After two debates over four nights, the direction of the Democratic presidential contenders is clear. The hopefuls for the nomination are running against the president in order to raise their profile and win disaffected Democrats to their banner.
Unfortunately for Democrats, they seem to be obsessed with the wrong president. While paying lip service to attacking Donald Trump on a personal basis, the 2020 candidates have spent much of their time up to this point going after Barack Obama — still the most popular man in the party.
Was this inevitable after Joe Biden jumped into the race? Biden, who served as Obama's loyal vice president, wants to run using Obama's mantle of leadership as well as Obama's policy track record over the eight years of his presidency. To take criticism of the Obama presidency off the table for the debates would have amounted to unilateral disarmament by his competitors as Biden promises to turn the clock back to a pre-Trump time for Democrats.
Still, his competitors have nearly a half-century of Biden's own Beltway track record from which to attack Biden and could have chosen to stick to his Senate record instead. Some of that has already been put to use, such as Kamala Harris' swipe at Biden's old position on busing, which turned out to be a mostly empty shot. They also could have gone about attacking Biden's claim on the Obama legacy — how much does a vice-president have to do with an administration, anyway?
Instead, Biden's competitors have gone into full attack mode on the Obama legacy itself. On both nights of the second debate, multiple candidates attacked the present health-care status quo created by the Affordable Care Act, Obama's signature legislation, by demanding its dismantlement and replacement with Medicare-for-all, isolating Biden as ObamaCare's primary defender.
When Bill de Blasio stated that "there's a mythology that somehow all of these folks are in love with their insurance companies," CNN's Dana Bash asked Biden about claims that the "health-care system ... is not working." Biden replied that "ObamaCare is working," and that the solution is to fix rather than replace it. In short succession, Biden was then contradicted by Sens. Kirsten Gillibrand, Kamala Harris, and Cory Booker.
Nor was ObamaCare the only part of the Obama legacy that was attacked. Trump's record on immigration enforcement is a clear target for Democrats in 2020, just as it was in the 2018 midterms, but the presidential candidates have expanded their attacks to traditionally bipartisan approaches, including the practices of the Obama administration. Julián Castro rebuked Obama-era Homeland Security Secretary Jeh Johnson for his warning that decriminalizing unauthorized border crossings was tantamount to "open borders."
De Blasio turned that attack directly on Biden and Obama in a follow-up on the topic. "I didn't hear your response when the issue came up of all those deportations [during the Obama years]," he scolded the former VP. "You were vice president of the United States. I didn't hear whether you tried to stop them or not, using your power, your influence in the White House."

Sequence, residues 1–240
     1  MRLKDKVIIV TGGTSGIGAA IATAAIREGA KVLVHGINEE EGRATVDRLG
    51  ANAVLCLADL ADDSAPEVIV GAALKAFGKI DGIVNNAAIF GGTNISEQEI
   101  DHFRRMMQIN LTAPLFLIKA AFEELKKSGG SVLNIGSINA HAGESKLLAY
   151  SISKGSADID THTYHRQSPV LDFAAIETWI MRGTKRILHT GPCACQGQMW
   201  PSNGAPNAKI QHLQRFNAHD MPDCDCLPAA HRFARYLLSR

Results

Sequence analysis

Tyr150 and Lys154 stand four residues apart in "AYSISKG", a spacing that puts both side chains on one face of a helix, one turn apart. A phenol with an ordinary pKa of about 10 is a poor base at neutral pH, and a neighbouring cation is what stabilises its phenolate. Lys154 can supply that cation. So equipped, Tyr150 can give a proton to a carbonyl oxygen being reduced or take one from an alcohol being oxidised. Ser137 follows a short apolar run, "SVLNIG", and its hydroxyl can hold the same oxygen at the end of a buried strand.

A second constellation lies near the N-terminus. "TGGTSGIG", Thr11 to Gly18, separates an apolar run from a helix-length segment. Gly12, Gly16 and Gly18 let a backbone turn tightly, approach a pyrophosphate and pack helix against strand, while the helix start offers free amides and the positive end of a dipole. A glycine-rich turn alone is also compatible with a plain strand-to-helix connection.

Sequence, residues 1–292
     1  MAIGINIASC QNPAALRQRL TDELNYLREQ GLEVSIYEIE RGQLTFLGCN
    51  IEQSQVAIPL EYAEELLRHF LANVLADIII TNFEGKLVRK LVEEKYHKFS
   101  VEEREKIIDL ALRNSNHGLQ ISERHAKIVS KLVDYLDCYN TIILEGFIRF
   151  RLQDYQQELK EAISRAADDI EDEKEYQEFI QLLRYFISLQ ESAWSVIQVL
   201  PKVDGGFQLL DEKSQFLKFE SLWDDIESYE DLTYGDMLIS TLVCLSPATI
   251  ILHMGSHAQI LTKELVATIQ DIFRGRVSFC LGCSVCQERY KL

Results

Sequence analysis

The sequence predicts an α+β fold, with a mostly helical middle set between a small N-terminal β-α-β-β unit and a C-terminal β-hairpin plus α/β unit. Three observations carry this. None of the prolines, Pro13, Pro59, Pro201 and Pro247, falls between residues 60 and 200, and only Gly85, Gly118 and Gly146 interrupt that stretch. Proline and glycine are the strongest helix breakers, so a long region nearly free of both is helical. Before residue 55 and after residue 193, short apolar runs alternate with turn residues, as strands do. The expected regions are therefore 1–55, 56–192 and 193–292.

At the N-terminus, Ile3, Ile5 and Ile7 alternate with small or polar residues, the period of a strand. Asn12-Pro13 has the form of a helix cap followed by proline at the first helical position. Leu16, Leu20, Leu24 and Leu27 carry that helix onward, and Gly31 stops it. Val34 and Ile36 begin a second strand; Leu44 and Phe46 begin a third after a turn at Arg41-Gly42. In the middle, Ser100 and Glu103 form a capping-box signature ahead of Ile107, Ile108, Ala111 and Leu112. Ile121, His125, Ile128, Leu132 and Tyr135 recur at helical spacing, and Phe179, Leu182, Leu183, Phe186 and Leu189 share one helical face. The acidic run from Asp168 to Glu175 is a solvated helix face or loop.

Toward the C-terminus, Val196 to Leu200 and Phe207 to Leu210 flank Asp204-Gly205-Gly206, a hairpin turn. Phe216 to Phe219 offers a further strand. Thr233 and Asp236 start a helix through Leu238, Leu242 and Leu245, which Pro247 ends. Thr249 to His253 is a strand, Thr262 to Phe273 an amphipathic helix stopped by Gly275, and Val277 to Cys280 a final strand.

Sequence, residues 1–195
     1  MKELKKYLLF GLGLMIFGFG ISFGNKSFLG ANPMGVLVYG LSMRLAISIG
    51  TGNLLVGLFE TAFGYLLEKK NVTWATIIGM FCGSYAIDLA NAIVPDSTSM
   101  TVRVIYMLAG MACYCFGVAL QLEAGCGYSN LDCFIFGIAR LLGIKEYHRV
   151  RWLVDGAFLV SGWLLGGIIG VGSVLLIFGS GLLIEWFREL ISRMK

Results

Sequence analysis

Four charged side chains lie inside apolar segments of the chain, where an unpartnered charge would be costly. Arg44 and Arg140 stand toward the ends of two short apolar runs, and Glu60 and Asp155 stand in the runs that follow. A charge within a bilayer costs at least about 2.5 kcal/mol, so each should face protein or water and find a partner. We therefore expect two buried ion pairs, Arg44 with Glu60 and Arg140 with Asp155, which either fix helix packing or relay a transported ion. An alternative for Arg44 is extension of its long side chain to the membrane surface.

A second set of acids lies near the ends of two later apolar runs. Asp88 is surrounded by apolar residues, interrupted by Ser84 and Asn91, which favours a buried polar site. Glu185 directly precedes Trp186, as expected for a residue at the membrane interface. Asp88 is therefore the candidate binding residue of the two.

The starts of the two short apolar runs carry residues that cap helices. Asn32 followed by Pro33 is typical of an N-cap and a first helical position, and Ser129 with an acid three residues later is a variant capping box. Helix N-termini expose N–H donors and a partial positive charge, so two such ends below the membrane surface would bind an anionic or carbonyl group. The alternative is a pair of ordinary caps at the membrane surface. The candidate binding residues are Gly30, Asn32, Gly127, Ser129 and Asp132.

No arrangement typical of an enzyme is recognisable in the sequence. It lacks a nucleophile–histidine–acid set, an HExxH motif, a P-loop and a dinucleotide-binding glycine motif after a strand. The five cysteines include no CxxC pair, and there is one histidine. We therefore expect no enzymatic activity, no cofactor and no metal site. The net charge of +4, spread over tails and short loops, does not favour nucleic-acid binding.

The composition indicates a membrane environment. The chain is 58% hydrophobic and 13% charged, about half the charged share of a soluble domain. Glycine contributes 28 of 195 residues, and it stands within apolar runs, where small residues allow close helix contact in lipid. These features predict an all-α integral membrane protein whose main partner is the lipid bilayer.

Biden shrugged off the question when de Blasio attacked again, stating, "I keep my recommendation to him in private." Booker then ripped Biden for dodging responsibility for deportations. "First of all, Mr. Vice President, you can't have it both ways. You invoke President Obama more than anybody in this campaign. You can't do it when it's convenient and then dodge it when it's not."
Why would Democrats attack their most popular figure in their own primary? Booker later tried justifying it by claiming that the party needs "an honest conversation" about Obama's legacy. While Trump is "perverting our very values and ideals," Booker claimed, Democrats also need to talk about how "our plans would be different from the previous president, different from the current president."
That is a very risky strategy. Obama was hardly a centrist while in office, but succeeded in large part because of his personal connection to voters and an ability to keep the center engaged. Democrats had already lurched to the left in this cycle, but attacking Obama on issues like health care and immigration is practically a declaration of extremism to most voters. That will cost them at the ballot box, perhaps most particularly in those suburbs that gave Democrats a House majority in the midterms.
Furthermore, it sets up an implicit equivalency between Trump and Obama that won't play well at all for Democrats outside of their activist base. Booker hinted at it in his defense, suggesting that Trump and Obama aren't that far apart on policy, which is actually true on issues like deportations and keeping "babies in cages and separat[ing] children from their parents," as Harris fumed on Wednesday. The Associated Press reminded its readers during the debate that the Obama administration did both too. Such attacks not only make Democrats look more radical, they make Trump look more mainstream at the same time.
That alone may have made Trump the Democratic debate's biggest winner by the end of its second round. If nothing else, Barack Obama was certainly its biggest loser, without a single Republican voice on the stage. Democrats should ask themselves which president they truly want to run against.